INNOVATION AND FIRM CREATION 4. Creativity (Jan 31, Feb 5) • Video: Deep dive/IDEO Inc (Jan 31) • Creativity exercise in TEAMS (Jan 31) • Schilling Ch 12 (Jan 31) • E-clips: Howard Morgan (IdeaLab), Jaime Jorasch (Walker Digital) • Amabile: How to Kill Creativity? Harvard Business Review 1998 (course packet; writeup 1. For Feb 5)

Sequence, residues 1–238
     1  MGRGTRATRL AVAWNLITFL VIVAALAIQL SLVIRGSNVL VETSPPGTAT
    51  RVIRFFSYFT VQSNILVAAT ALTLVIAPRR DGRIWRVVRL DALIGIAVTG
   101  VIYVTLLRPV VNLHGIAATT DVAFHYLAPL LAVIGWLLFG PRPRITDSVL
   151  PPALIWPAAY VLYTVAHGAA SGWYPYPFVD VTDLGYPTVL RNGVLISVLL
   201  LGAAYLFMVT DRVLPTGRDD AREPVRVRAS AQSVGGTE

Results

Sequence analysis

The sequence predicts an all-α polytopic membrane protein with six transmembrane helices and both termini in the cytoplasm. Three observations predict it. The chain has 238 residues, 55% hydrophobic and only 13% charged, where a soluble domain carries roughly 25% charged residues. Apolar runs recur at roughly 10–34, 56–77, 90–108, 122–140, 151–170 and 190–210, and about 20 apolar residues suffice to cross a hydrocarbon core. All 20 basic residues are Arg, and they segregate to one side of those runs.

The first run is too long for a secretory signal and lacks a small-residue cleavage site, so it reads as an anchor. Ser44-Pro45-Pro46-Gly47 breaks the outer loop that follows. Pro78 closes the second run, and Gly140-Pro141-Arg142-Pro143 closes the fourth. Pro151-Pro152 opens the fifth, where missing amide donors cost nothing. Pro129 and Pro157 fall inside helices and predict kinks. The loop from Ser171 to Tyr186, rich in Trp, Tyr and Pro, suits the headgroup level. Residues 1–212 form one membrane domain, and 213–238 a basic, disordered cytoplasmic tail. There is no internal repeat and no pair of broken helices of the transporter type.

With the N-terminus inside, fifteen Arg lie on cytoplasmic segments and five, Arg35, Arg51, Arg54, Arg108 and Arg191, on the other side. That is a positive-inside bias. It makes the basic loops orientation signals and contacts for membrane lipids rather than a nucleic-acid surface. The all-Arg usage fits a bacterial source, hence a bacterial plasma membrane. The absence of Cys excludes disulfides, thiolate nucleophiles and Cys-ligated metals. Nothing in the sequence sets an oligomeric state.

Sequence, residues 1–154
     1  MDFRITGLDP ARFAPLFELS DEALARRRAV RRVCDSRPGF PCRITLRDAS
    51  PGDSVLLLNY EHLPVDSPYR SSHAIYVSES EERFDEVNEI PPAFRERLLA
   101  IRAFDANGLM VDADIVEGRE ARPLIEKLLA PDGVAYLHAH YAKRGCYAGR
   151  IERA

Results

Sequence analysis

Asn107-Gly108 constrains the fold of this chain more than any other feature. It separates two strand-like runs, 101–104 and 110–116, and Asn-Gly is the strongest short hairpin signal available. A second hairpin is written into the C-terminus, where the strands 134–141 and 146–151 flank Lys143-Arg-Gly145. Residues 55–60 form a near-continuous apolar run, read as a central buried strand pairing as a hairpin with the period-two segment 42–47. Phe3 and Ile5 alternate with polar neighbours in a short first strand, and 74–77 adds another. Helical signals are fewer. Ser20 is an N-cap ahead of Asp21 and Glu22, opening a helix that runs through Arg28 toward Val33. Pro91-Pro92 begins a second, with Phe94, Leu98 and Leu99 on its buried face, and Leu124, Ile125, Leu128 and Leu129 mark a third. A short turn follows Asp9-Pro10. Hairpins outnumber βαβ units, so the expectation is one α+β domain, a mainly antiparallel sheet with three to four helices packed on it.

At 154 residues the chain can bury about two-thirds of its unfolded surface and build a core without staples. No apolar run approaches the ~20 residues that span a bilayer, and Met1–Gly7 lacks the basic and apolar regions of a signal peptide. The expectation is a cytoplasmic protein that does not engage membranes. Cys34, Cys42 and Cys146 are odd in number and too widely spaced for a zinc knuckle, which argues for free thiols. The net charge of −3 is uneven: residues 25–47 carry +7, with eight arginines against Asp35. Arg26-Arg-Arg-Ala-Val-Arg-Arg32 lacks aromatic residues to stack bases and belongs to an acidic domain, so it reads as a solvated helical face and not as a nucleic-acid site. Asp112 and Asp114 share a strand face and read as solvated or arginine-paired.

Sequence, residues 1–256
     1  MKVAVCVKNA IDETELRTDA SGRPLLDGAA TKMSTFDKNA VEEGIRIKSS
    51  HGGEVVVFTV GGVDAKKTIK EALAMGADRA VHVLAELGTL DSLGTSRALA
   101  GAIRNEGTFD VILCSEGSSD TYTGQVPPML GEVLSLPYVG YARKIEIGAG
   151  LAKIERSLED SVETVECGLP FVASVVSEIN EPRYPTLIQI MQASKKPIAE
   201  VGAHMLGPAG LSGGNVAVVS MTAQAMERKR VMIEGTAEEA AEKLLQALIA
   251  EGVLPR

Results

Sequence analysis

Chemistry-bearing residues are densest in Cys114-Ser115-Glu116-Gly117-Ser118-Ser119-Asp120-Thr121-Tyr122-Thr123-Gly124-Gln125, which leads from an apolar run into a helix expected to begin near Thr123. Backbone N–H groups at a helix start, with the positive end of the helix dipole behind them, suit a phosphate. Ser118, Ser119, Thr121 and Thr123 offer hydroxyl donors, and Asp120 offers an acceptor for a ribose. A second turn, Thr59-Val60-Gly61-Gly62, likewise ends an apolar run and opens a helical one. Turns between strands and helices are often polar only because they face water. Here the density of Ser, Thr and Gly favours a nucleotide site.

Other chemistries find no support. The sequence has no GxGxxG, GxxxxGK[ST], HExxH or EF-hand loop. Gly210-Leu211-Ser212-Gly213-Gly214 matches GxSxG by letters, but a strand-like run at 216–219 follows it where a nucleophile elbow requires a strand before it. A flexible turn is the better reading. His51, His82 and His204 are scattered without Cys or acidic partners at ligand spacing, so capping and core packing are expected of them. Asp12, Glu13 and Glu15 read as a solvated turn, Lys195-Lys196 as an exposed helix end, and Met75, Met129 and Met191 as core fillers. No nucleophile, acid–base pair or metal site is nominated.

Harry Potter is a fascinating tale of sorcerers, wands, broomsticks, dragons, and magic. The story begins with a young boy named Harry Potter who lives at number four Privit Drive, Surray, England. His journey begins after the death of his parents at the hands of the evil Lord Voldemort. Harry learns of his past and his future as a wizard from Hagrid, the keeper of keys and grounds at Hogwarts School of Witchcraft and Wizardry. He travels to Hogwarts where he learns spells and enchantments, makes new friends, finds enemies, and discovers fantastic secretes. J.K. Rowling weaves a web of impeccable storytelling with this critically acclaimed novel. In the tale of Harry Potter imagery, symbolism, and motif take central focus.